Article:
This law is the most significant piece of legislation in decades. It is also far less sweeping than it's critics claim and fear. It is comprehensive, smart, and essential reform. It is not a government take over of health care.
The irony is after a year of arguing and endless hour of debate and breathless news coverage, most Americans have little concept of what the law will actually do. This is a strange by-product of the process. The bill's broad framework has remained consistent, but the details have always been a moving target. In the media, and especially from the right-wing media, there been a relentless focus on the daily talking points, conflict, partisan hyperbole, and politics over policy. Misinformation crowded out information from the beginning. So, it bears repeating what this law will actually do.
The core components of health care reform are:
- Private insurance companies can join health care exchanges that will be able to sell insurance nation-wide.
- Health insurance companies will not be able to reject individuals because of their health history.
- Some people who don't have health insurance will get a tax credit to help purchase it.
- There are a number of policies and pilot programs aimed at controlling health care costs.
- It will be paid for by extending the %2.6 Medicare surcharge to include income greater $250K.
This is also a big deal for anyone who cares about the effect of rising health care costs on their personal, state, local, and business finances or who cares about the national debt and deficit.
For anyone craving more detail about what this law will actually do, I'll direct you to the excellent Ezra Klein who explains it all in great clarity and detail.
Unlike the policy details, the politics of health care reform have probably gotten too much attention. Nonetheless, I'll offer my thoughts.
A nice summary of the politics of health care reform comes from Lamar Alexander's comments during the President's conference:
Lamar's friend from Tullahoma captures the sentiments from the right and much of the American electorate. Reform opponents have been so vigorous and relentless in demonizing health care reform that even those who need it most, and who will benefit the most when it become law, are terrified and angry about it.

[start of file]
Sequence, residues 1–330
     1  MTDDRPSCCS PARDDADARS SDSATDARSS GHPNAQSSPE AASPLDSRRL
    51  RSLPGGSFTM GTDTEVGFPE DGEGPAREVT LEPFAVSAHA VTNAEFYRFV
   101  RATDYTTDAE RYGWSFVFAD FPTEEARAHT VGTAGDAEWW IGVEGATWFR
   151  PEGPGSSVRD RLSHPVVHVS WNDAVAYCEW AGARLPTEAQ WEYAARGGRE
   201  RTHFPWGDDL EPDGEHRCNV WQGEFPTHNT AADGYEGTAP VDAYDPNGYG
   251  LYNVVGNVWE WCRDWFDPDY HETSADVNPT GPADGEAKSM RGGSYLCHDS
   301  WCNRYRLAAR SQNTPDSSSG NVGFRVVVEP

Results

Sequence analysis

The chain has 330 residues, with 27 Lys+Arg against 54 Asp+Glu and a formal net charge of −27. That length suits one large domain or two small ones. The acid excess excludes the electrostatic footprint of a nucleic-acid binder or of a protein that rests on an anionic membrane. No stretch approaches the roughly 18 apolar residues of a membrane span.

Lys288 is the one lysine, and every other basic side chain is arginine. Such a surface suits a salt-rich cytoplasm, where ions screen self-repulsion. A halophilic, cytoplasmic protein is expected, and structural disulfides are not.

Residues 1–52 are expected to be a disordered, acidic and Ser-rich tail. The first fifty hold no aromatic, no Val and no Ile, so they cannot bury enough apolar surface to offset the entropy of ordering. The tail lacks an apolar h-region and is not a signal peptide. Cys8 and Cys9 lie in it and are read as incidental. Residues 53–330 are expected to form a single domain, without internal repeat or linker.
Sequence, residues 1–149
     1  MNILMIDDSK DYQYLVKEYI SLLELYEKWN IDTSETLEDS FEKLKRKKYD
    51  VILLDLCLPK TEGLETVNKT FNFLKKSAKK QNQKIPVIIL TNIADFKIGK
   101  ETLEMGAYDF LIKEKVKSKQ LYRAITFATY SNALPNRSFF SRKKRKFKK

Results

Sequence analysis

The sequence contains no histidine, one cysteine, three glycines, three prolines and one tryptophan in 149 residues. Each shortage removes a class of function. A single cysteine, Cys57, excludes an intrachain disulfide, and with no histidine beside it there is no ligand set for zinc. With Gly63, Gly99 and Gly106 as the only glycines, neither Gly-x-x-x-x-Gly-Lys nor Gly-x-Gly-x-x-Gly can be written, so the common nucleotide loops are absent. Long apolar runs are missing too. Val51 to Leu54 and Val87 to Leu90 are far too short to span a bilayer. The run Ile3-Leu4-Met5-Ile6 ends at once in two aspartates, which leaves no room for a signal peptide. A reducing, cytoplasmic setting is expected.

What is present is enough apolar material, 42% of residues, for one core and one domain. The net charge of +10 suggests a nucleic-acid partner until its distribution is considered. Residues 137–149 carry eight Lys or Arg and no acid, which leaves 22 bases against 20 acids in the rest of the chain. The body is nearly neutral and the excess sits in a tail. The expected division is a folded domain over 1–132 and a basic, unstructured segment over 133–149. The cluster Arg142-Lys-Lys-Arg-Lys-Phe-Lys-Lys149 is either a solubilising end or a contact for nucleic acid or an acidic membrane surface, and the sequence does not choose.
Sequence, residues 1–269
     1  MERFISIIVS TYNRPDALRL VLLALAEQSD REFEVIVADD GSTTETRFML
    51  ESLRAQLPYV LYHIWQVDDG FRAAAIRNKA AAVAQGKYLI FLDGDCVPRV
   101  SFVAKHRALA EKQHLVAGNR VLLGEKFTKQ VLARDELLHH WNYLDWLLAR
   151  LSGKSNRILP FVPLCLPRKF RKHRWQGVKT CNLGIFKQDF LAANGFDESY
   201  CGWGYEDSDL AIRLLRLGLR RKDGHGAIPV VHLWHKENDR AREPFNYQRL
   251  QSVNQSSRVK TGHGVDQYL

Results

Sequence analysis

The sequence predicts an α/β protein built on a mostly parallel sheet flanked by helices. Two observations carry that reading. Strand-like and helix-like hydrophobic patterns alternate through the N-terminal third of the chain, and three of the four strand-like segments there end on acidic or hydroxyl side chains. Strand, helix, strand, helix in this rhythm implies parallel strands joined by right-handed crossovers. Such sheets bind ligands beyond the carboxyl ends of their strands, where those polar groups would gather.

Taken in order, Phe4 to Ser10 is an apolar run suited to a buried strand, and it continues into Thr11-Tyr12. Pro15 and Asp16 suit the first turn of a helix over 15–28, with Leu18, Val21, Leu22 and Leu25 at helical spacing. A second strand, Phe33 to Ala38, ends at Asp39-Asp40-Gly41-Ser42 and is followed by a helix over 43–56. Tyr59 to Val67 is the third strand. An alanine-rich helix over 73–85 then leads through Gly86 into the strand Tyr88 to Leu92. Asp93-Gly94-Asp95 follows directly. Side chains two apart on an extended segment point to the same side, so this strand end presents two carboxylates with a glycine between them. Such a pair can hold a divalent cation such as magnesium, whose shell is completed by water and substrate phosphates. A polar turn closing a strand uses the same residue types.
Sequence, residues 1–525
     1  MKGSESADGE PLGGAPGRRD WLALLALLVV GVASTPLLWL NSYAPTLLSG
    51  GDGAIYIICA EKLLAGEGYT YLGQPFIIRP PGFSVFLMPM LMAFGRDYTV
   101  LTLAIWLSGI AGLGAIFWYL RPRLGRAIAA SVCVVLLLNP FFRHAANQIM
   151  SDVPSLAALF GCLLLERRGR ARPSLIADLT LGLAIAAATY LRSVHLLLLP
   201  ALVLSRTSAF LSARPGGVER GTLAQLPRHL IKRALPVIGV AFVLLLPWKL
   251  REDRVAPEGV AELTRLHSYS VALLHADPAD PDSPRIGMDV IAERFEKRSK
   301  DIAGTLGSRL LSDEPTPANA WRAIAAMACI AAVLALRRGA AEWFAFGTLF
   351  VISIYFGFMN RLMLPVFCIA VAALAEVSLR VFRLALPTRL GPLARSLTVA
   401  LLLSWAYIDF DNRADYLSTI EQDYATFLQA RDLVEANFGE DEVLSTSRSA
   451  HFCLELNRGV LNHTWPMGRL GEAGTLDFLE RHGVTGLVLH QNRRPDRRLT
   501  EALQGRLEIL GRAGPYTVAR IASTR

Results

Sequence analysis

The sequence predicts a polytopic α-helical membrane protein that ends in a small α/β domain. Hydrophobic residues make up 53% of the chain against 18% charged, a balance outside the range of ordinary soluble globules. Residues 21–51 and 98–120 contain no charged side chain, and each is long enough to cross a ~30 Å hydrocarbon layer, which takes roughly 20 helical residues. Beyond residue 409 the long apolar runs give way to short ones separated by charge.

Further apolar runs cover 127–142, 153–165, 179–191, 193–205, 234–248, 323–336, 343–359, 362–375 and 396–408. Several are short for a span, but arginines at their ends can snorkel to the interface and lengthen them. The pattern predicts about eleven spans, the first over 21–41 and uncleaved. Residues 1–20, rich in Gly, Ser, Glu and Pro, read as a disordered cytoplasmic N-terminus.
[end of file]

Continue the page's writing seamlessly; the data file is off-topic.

'Your stories are a lot like the stories I hear. When I went home for Christmas after we had that 25 days of consecutive debate and voted on Christmas Eve on health care, a friend of mine from Tullahoma, Tennessee, said, "I hope you'll kill that health care bill."
And then, before the words were out of his mouth, he said, "But we've got to do something about health care costs. My wife has breast cancer. She got it 11 years ago. Our insurance is $2,000 a month. We couldn't afford it if our employer weren't helping us do that. So we've got to do something."
And that's about -- that's where we are.'
It is my hope that when health care reform becomes law some of the smoke will clear. Americans will realize that these are sensible, centrist reforms that provide great benefit to all Americans at relatively modest cost. It's my hope that the American people will realize that the tales of tyranny, taxation, redistribution, rationing, death panels, and government takeover bear little resemblance to the policies being enacted into law. It's my hope that people will recognize who has been feeding them this pack of lies and stop listening to them. And stop voting for them.
The President and the Democrats should celebrate this victory. They should be proud of it. They have succeeded against mighty opposition from every quarter. They have prevailed where many have failed. This is good policy. It is also good politics. Victory polls better than defeat. The juicy sausage will be much more popular than the sausage making. I'm grateful for my own representatives Congresswoman Carol Shea-Porter and Senator Jean Shaheen. Both of them stood tall through it all and kept their promises to all of us.
Yes, we can.
Yes, we can.